Mohammed mentioned that she hopes to advocate to supply health products (such as menstrual products and contraceptives) in bathrooms around campus, and supports Tuition Freeze Now.
Garcha said “as a health sciences representative I hope to create a welcoming and reassuring atmosphere for students where they can openly communicate their concerns without any hesitation.”
Faculty of science representatives
Jason Spence, Kasey Stirling, and Simran Uppal, were all present at the debate.
Spence demonstrated involvement in his faculty, as he is involved with the Biology Student Union, as well as the Science Undergraduate Society (SUS). “I have listened to the requests and suggestions and complaints about the SFSS and I am prepared and I plan to take those right to the university level,” he explained.
Stirling’s mentioned that she wanted to improve mental health care for science students. In her closing statement she encouraged the audience to “vote for someone who will bring new ideas to SFU science. It’s quite stagnant at the moment.”
Simran Uppal’s three main points include increased science opportunities, development of the surrey science union, and increased campus wide events.” She also noted, “I would like all students at all campuses to be provided with science opportunities and be aware of them.”
Of the at-large representatives, Maneet Aujla and Stephanie Chiakwelu were both present at the debate. Rayhaan Khan was unable to make it.
Chiakwelu explained that her main concerns include “a sense of community at our school, tuition freeze, job placements for graduating students, open-source textbooks to get rid of the expensive textbooks sold to students, and making the bursary and scholarship programs more accessible to low income students.”
Aujla mentioned that she wants “to create and build a sense of community amongst everyone here.” She is a member of the active bystander network and additionally has been involved on the SFSS events committee.
They both agreed that the SFSS has faced a tough year, and is not currently in good standing.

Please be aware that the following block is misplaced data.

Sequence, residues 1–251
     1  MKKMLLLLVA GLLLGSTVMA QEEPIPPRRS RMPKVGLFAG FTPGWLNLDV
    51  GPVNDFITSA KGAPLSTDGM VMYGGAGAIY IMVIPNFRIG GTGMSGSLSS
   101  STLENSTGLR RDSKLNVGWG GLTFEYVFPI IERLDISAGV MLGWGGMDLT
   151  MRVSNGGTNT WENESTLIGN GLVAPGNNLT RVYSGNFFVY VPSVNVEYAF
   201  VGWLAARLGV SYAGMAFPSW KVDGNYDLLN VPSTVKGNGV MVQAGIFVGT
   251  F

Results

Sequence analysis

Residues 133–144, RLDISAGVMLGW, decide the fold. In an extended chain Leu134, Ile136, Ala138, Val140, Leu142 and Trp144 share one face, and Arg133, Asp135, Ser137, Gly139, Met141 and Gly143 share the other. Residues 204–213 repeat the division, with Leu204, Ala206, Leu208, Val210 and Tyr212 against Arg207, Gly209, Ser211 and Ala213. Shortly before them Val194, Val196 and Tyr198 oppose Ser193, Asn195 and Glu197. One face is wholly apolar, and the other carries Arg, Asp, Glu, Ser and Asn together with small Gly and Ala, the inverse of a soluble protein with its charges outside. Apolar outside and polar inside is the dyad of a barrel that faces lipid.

Tawanda Nigel Chitapi is the only student running for vice-president finance this year.
When asked by the IEC if he would choose to prioritize bursary funding or club funding, Chitapi responded that he would prioritize funding clubs, stating that “we can only foster community and engagement through clubs and student unions.”
In his closing statement, he remarked that “we just need to change the narrative of the student society [ . . . ] It’s a good feeling to be running alone, but [it’s bad optics on the society], people should not be refraining from running for these positions because of fear of dirty politics.”
VP Student Services
All three candidates for vice-president student services, Christina Loutsik, Simran Randhawa, and Prince Cheema were present at the debate.
Randhawa asked Cheema, “On your platform, you talk about a community, and considering the SFSS has no sexual violence prevention policy and you never mentioned it and I have honestly never seen you work on it, how do you plan on building a community that is safe?” Cheema responded that he does in fact mention sexual violence on his platform. He noted that SFU has various services and that the problem is communicating the existence of these student services to the student body. To this, Randhawa rebutted that his response did not answer her question.
Samer Rihani, audience member and SFSS’s current acting president, asked what the candidates think about the current provision of the health and dental plan, to which all of the responses mentioned negotiating a more affordable plan.
An audience member inquired about what the candidates would do to create a long-awaited sexual violence policy for the SFSS. To applause, Randhawa said that “this is personal to me. Most days I am more victim than I am a survivor. In fact, just last Saturday when I got awarded as the SFSS Women of the Year from FASS, one of the board members said to me that he would F my life up [ . . . ] I am here to stand for the people who have been victimized.”
VP Student Life
Balqees Jama was the only vice-president student life candidate present at Wednesday’s debate. In her opening statement, she noted that “my goal this year is to rebuild that faith that has been damaged over the years.”